- Purkinje , Johannes Evangelista
- (1787–1869) Czech physiologistBorn at Libochovice (now in the Czech Republic), Purkinje began studying to be a priest but changed to medicine and graduated MD from Charles University, Prague, in 1819. He became professor of physiology and pathology at the University of Breslau in 1823 but returned to Charles University in 1850 to take the chair of physiology, which he held until his death. Purkinje's most celebrated research was concerned with the eye, although he also did valuable work on the brain, muscles, sweat glands, digestion, animal and plant cells, and embryology. He explored various aspects of vision, drawing attention, for example, to the fact that in subdued light blue objects appear brighter to the eye than red objects – the Purkinje effect. He located Purkinje cells in the middle layer of the brain's cerebellar cortex and was the first to apply the term ‘protoplasm’ to the living embryonic material contained in the egg. He also discovered, in the inner walls of the ventricles of the heart, the Purkinje fibers, which transmit the pacemaker stimulus. His comparative studies of cellular structure in plants and animals were continued by Matthias Schlieden and Theodor Schwann and led to subsequent increased knowledge of the factors involved in inheritance. Purkinje was among the first to use a microtome for preparing thin slices of tissue for microscopic examination, and may have been the first to teach microscopy and microscopical technique as part of his college courses. He also realized that fingerprints can be used as a method of identification.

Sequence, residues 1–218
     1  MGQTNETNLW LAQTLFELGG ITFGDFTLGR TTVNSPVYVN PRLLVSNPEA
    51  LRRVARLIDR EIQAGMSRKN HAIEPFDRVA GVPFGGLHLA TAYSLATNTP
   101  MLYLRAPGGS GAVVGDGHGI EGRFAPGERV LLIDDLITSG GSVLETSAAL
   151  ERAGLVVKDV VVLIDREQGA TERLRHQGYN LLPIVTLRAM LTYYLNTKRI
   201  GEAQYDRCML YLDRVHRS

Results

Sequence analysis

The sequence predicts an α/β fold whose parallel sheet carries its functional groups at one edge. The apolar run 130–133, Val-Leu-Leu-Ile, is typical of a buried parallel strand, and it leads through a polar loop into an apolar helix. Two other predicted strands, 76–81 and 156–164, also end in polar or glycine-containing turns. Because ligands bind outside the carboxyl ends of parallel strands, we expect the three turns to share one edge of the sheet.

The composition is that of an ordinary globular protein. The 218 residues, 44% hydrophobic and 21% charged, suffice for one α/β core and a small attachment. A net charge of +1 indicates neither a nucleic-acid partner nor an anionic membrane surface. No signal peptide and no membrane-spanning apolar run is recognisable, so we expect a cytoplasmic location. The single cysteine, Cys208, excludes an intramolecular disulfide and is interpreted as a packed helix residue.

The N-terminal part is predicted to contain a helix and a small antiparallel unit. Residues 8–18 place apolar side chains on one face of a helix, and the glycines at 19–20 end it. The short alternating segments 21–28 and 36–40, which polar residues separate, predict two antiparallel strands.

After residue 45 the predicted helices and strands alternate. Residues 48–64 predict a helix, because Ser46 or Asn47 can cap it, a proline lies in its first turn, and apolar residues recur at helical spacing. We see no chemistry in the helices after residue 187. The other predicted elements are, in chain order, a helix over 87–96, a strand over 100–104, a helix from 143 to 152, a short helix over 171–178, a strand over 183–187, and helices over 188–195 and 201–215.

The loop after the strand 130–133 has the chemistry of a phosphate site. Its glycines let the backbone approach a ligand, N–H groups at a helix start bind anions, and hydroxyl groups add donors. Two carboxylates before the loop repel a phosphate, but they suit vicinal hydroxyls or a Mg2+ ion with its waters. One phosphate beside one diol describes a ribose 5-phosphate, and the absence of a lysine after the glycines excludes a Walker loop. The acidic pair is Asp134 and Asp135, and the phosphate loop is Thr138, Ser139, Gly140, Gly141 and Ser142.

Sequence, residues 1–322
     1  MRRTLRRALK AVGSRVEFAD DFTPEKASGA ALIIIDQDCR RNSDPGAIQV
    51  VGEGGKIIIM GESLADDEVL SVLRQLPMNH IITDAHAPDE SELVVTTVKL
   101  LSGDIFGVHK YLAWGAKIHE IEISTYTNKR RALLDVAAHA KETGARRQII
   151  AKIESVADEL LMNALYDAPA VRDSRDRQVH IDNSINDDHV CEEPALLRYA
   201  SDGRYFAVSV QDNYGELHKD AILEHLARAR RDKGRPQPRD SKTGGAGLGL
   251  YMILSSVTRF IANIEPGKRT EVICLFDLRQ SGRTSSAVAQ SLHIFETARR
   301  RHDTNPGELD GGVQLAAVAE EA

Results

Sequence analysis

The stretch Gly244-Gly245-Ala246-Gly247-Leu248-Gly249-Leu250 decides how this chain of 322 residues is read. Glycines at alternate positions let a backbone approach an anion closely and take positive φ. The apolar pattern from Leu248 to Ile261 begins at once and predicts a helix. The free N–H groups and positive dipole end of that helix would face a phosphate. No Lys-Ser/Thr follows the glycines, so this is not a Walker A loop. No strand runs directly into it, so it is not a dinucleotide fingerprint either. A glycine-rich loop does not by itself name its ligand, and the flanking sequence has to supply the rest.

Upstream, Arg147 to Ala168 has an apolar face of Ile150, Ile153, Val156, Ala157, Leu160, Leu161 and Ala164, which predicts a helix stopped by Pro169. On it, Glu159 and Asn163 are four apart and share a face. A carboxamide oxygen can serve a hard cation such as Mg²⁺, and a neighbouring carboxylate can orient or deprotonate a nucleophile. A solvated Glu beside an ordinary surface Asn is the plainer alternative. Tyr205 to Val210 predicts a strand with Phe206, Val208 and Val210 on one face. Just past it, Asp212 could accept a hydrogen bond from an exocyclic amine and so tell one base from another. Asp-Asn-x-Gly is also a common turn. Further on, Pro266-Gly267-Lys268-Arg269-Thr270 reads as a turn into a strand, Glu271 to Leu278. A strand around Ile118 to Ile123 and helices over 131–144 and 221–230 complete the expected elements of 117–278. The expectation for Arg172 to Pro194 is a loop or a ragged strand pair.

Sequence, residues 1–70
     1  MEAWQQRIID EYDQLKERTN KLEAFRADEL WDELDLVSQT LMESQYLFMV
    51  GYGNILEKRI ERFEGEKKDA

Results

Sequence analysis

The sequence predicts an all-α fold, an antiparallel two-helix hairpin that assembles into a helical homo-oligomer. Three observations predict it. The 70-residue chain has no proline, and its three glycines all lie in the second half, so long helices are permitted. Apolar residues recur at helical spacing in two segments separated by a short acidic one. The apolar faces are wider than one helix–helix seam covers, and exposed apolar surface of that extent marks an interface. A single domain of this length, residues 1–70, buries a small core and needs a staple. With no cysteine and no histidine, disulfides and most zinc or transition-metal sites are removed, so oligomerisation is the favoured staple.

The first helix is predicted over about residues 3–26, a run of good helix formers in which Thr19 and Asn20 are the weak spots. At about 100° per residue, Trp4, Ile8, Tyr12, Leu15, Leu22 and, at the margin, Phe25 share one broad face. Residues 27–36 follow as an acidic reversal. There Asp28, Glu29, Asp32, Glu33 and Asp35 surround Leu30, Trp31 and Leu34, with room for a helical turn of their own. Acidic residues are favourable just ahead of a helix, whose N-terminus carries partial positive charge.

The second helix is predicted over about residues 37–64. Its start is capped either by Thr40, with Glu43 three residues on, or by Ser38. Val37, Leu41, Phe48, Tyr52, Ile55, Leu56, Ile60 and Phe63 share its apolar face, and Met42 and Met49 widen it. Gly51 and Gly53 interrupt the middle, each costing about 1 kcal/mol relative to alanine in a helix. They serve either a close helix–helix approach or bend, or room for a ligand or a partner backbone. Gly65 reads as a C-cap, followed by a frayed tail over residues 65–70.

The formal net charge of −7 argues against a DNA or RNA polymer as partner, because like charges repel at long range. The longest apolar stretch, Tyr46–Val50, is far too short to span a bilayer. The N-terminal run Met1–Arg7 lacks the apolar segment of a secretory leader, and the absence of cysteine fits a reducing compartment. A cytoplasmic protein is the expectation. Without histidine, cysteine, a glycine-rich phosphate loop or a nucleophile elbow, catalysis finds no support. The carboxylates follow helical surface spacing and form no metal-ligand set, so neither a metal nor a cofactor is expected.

Scientists. Academic. 2011.